Pittsboro, NC – After reading the multitude of posts on clear cutting and old growth forests and all of the associated claims being made, I thought it might be useful to share some actual facts.
An old growth forest is a forest that has attained great age “without significant disturbance.” Sadly there is not much of that type forest that remains in the Eastern US. Check out this list of old growth forests. None of these forests are in or near Chatham county. Our trees have typically been “harvested” multiple times either by nature or man.
Many of the claims made recently about about the relative biodiversity of each type of forest sound emotional rather than based on fact. Clearly, there is a richness of flora and fauna found in true old growth forests, but there is also biodiversity in Chatham county forests. There is an impact when trees are cut, but nature has amazing powers of recovery and regeneration. Consider West Virginia. During a drive along Interstates 81 or 77, one passes through dense forests, yet almost that entire state was clear cut during the late 1800’s and early 1900’s. Check out this article and the pictures.
Secondary forests typically were thought to lack biodiversity compared to primary forests, however this has been challenged in recent years.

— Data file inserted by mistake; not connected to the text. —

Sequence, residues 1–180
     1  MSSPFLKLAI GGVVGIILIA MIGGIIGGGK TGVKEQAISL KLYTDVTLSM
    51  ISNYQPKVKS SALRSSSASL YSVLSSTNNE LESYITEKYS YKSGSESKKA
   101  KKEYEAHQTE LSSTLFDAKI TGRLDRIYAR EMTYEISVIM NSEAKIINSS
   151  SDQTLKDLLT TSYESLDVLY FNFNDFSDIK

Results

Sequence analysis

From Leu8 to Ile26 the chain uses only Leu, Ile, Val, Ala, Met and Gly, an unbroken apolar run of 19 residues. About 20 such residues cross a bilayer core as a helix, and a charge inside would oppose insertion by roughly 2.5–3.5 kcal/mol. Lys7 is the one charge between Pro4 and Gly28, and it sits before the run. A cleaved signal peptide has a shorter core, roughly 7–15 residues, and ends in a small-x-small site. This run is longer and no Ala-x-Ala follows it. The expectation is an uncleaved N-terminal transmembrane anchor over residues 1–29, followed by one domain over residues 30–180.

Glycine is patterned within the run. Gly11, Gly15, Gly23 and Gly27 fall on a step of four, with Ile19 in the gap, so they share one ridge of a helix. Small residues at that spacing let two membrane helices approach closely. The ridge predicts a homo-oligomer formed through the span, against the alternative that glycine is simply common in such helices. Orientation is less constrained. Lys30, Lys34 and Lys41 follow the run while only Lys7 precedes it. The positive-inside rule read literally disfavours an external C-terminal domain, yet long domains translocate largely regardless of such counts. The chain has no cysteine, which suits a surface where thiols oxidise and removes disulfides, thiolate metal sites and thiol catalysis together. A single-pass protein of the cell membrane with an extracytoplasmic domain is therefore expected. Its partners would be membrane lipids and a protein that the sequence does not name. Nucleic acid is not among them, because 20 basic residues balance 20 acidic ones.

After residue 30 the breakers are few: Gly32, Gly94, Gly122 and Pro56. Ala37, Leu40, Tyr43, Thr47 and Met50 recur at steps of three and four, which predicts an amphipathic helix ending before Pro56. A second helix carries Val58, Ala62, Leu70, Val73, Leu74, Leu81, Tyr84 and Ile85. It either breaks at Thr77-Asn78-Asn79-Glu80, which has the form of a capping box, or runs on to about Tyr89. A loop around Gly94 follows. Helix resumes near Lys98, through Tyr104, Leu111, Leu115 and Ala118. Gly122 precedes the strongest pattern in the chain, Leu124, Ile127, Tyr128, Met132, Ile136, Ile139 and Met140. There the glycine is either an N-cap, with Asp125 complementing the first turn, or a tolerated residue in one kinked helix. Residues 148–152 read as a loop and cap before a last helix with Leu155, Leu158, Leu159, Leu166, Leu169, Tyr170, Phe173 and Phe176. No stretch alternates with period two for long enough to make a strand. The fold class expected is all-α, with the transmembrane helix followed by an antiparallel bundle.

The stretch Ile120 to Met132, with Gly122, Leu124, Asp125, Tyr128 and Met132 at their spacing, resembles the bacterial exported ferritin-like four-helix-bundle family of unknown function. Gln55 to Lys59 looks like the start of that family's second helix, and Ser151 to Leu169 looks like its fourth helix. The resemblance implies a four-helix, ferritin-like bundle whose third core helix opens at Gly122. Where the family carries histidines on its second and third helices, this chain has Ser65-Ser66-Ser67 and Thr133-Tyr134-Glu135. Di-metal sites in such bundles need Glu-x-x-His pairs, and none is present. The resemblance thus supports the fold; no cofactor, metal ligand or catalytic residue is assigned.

I am an avid backpacker and enjoy spending time in forests with large trees and few people. I am not a fan of those areas of the state that have been clear cut and left as ugly scars. While these scars will eventually regrow, I prefer when land owners replant. Land owners who do so are practicing good stewardship.
I recommend visiting the Joyce Kilmer Memorial near Robbinsville, NC. There are two large relatively accessible groves of huge trees (six to seven feet thick and well over a hundred feet tall). The trail is about 1.25 miles long and well worth the walk. (There are benches for resting.) The huge ferns and rhododendrons that make up a lot of the underbrush will give you the sense that hobbits and dwarves may live there.